The publication of two recent Summaries of GPC voting patterns through the end of 2016 gives us the data to venture some preliminary observations about trends for the future of dispute resolution. Continue reading
In 2007/8, I set up a now long-since defunct website (disputesloop.com) with the lofty aim of introducing some transparency into the appointment process of ADR neutrals. At its core, the site offered a battery of neutrals’ CVs supplemented with free-form written feedback from users. Continue reading
New research by Francesca Gino and Ting Zhang of Columbia Business School, along with Mike Norton of Harvard Business School, suggests that the most effective mediation style might be being partial against both parties.
The academics suggest that, contrary to the received wisdom that mediators should be neutral, attentive and empathetic, an actively hostile mediator is more likely to get a good result. They discovered that a mediator’s antagonistic and hostile treatment of both parties causes adversaries to unite against the mediator, which in turn increases the parties’ willingness and propensity to reach agreement. Continue reading
In almost all instances, arbitration must be contemplated at the contract drafting stage. Parties may, of course, agree to take a dispute to arbitration at any stage, but once a dispute has broken out, positions become polarised, and agreement is accordingly less likely.
The reasons for preferring arbitration clauses to the more usual reference to the courts – in a commercial context – boil down to the so-called “three Es”: expedition, expertise and enforcement. Continue reading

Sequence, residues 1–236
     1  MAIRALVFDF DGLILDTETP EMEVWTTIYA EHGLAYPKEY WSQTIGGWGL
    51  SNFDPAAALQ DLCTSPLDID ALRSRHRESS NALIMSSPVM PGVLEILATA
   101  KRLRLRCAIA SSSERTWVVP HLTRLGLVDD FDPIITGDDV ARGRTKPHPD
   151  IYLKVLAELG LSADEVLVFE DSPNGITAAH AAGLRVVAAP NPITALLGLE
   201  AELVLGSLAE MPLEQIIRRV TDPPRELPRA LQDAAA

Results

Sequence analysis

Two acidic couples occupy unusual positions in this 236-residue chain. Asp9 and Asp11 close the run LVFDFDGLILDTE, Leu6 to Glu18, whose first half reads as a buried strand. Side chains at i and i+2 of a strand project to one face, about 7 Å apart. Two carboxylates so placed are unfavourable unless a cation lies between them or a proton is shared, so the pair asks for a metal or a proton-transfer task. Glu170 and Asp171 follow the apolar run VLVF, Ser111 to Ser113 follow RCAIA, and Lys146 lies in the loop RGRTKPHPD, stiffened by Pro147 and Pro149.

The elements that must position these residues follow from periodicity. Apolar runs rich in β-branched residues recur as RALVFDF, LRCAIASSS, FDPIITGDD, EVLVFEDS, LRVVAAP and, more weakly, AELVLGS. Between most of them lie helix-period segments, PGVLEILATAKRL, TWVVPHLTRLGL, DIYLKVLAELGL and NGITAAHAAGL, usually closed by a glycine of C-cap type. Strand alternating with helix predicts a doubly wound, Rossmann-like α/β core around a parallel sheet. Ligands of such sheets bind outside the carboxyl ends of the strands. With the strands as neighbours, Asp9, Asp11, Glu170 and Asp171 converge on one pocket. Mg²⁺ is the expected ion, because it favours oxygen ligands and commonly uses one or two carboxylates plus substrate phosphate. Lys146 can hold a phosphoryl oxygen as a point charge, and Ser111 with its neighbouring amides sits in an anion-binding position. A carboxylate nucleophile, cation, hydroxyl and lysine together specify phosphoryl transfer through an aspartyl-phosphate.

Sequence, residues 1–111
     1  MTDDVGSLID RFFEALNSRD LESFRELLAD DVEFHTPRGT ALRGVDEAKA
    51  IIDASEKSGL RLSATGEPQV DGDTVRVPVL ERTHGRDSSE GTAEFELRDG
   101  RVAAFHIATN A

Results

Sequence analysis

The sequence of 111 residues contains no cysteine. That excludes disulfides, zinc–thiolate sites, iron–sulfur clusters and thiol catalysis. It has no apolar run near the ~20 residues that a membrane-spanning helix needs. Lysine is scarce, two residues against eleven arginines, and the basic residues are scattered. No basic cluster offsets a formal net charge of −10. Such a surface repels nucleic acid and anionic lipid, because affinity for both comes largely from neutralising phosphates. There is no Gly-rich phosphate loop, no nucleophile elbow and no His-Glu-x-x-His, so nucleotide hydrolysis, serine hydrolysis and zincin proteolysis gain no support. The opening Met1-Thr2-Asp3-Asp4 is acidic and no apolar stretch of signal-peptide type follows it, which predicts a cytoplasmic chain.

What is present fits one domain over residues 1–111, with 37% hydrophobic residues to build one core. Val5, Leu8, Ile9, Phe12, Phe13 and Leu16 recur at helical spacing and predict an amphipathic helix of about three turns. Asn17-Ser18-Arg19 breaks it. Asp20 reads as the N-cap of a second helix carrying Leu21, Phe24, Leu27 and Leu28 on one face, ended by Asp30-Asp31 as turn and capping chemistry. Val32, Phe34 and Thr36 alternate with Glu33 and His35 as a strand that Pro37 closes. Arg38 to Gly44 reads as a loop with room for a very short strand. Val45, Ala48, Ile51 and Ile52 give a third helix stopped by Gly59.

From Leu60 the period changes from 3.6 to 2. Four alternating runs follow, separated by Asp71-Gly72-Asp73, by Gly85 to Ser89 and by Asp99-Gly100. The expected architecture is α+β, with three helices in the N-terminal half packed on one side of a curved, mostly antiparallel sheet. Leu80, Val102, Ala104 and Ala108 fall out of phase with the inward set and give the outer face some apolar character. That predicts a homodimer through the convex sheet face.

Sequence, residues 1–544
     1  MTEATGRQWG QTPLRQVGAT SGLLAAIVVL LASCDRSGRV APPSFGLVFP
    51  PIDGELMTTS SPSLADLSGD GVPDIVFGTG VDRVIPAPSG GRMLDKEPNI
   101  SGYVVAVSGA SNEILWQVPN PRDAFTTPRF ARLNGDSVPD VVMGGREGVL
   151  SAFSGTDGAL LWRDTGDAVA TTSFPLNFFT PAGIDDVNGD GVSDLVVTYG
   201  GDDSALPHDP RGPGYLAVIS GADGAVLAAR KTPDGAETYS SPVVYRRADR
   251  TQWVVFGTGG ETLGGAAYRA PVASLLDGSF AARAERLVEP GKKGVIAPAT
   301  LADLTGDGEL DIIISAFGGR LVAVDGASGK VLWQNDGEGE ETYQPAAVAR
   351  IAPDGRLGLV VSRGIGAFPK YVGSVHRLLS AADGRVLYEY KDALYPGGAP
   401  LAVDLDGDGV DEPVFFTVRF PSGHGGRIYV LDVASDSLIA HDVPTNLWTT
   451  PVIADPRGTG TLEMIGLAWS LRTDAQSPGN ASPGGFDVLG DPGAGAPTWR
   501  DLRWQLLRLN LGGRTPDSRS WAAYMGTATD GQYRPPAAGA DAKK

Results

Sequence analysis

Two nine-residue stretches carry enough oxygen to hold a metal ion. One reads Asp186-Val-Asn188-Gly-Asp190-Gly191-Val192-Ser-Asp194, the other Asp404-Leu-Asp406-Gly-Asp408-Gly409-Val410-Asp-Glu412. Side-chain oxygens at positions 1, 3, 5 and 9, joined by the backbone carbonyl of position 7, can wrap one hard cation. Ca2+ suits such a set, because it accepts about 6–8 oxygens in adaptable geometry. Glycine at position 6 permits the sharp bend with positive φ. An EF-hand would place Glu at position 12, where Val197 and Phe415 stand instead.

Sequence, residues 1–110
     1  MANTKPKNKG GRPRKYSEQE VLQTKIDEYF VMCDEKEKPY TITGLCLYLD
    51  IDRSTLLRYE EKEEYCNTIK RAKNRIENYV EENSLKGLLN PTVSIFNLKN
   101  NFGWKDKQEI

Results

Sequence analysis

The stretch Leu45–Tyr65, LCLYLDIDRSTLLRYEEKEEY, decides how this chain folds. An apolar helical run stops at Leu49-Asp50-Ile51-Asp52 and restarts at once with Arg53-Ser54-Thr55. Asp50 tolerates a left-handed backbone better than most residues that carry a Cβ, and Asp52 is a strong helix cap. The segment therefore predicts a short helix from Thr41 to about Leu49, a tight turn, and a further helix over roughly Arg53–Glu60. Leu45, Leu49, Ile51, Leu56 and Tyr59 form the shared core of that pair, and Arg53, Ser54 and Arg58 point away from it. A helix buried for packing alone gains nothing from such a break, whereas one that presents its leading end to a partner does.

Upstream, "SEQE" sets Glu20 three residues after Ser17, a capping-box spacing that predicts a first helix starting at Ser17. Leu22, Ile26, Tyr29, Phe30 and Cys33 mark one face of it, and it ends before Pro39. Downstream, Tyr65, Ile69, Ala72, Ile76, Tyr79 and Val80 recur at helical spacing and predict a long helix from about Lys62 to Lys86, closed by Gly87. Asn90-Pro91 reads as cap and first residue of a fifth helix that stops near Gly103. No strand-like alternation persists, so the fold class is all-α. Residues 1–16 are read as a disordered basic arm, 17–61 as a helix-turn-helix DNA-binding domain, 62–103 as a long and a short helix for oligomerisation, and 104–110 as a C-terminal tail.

Many factors contribute to construction disputes, especially if the property is based abroad. Most projects take a long time to complete, leading to uncertainties and delays that can result in disagreements. The following factors typically create international construction disputes. Continue reading
Do you want to make sure that your commercial clients are happy with the dispute resolution services you are providing? Are you committed to tailoring your business to meet their needs? Irrespective of whether your clients are ‘dispute-savvy’ or still finding their way into the world of commercial dispute resolution, there are things that you can do to make sure you meet their expectations.
The Global Pound Conference is travelling around the world asking commercial users, judges, mediators, lawyers, academics and government officials to share everything they know about the best ways to meet the expectations of commercial clients. After analysing the feedback from the first 350 respondents, we have identified three steps that can help you meet the expectations of your commercial clients. Continue reading
Mediation can be successfully deployed at any point in the timeline of a dispute – either before proceedings are issued, afterwards, up to, and even during trial. It is, after all, a facilitated negotiation and represents an opportunity to settle early, reducing stress, acrimony and legal costs.
Defining mediation is arguably a futile task: in the same way we accept that ‘beauty is in the eye of the beholder’, mediation is whatever users can imagine and can agree it to be. Thus, there are many different approaches, which vary widely according to users’ needs and the demands and timing of the case. Continue reading